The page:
2) Would being drunk have actually made whatever I did okay? Let’s say for argument’s sake that I… I dunno… broke a lamp during a house party. Whether I was drunk or not, it was an accident. Whether I was drunk or not, I’d be responsible for property damage. Is there any question that I should have to pay for the lamp? I did something regrettable, and should be held accountable. There is no grey area here. If it was my broken lamp, I’d insist that the person reimburse me, and likewise I would reimburse the owner with my apologies. 

Now let’s take something a little less black and white, and a little more true to life.

Many years ago, I kissed a friend (let’s call her Merlot)’s ex-boyfriend. They had ended the relationship amiably, and I had always liked him. When she found out (I came clean two days later), she ended the friendship and, as far as I have heard, still has me on her hit list. I am not proud of what I did or of how I handled the situation, but it was a learning experience. 

A few years later, a mutual friend of myself and the girl was at a New Year’s Eve party with a group of people, including my most-loathed ex boyfriend. Things had not ended well between us and my friend had been there for me all through the breakup. She put an end to rumours he’d spread, she laughed at all the jokes I made at his expense… she was supportive and I was grateful for it. Until she sent me an email that New Year’s Day saying, “Heyyyyy Allegra. Guess who I made out with last night?” Her justification was that they had both been drinking. I forgave her, not because her judgement had been impaired but because she apologized and immediately resumed her role as supportive BFF.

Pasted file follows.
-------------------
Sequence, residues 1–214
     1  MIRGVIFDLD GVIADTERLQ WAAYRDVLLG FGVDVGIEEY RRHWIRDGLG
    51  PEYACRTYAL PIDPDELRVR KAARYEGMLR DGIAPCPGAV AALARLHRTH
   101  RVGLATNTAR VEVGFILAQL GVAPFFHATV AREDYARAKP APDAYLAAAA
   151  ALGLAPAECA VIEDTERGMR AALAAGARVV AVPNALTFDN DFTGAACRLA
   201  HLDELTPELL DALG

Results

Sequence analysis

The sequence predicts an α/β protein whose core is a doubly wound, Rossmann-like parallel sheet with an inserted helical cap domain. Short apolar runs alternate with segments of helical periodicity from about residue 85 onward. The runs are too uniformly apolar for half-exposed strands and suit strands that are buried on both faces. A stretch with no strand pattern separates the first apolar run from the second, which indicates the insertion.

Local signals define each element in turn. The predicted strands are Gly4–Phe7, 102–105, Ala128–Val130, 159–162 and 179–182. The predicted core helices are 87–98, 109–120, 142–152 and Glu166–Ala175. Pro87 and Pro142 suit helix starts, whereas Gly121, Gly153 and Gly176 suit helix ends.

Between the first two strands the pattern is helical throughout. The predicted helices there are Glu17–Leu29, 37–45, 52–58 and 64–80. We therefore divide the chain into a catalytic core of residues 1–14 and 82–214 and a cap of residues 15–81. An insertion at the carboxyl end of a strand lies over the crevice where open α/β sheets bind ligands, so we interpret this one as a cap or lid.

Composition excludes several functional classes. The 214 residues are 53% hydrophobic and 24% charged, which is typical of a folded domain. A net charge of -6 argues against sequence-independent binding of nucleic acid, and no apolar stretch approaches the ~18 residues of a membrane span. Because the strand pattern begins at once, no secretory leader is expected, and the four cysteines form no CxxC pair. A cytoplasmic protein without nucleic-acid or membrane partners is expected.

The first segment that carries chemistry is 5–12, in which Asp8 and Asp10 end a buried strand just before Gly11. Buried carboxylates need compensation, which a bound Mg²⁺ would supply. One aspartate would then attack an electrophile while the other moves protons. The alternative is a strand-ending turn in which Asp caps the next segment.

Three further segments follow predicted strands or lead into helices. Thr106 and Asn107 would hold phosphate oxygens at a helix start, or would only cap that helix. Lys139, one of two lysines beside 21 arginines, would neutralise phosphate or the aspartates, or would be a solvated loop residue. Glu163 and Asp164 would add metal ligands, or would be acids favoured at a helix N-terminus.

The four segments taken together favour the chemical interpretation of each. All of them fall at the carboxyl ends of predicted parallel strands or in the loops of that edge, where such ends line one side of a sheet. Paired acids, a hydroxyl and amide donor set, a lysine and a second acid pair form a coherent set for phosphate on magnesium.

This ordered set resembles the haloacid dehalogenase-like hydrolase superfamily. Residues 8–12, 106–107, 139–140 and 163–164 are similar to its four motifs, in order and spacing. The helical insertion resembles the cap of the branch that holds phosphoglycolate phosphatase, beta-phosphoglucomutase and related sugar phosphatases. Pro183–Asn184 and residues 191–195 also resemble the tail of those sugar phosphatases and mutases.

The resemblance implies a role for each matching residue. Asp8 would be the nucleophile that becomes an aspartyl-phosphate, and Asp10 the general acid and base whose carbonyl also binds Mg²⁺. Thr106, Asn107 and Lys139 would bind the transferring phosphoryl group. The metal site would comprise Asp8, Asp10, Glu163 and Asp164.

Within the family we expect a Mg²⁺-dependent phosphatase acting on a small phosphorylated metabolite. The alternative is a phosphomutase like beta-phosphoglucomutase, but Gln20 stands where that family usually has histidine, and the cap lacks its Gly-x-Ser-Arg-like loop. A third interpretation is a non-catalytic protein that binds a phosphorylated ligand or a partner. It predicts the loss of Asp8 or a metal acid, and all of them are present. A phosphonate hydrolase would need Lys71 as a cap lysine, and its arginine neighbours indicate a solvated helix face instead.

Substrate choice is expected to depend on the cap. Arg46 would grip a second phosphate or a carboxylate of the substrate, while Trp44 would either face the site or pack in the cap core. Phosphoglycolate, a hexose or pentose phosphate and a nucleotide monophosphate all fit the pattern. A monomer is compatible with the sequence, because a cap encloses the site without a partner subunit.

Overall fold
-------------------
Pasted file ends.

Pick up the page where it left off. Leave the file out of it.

Later, that same friend would drunkenly make out with Merlot’s lifelong crush. Merlot forgave her immediately… as far as I can tell, it was okay because my friend, Merlot and the boy were all drunk.

I don’t see the logic – this was obviously not the first time these people had been drinking. My friend knew that she had a propensity towards making out with anything with an Adam’s Apple when she drinks, and still made the conscious choice to get drunk anyway. 

I’m by no means implying that what she did was worse than what I did. I just can’t understand why it is socially acceptable to drink yourself stupid and engage in the same destructive behaviour over and over again. Being drunk is not an excuse. 

There are harsher penalties for drunk drivers than there are for young drivers and drivers who make poor judgement calls, BUT THERE ARE STILL PENALTIES for everyone. This is how it should be for social situations as well. I am going to hold people accountable for what they say and do while they’re drunk, in hopes that they realize that not all caution should be thrown to the wind.



et cetera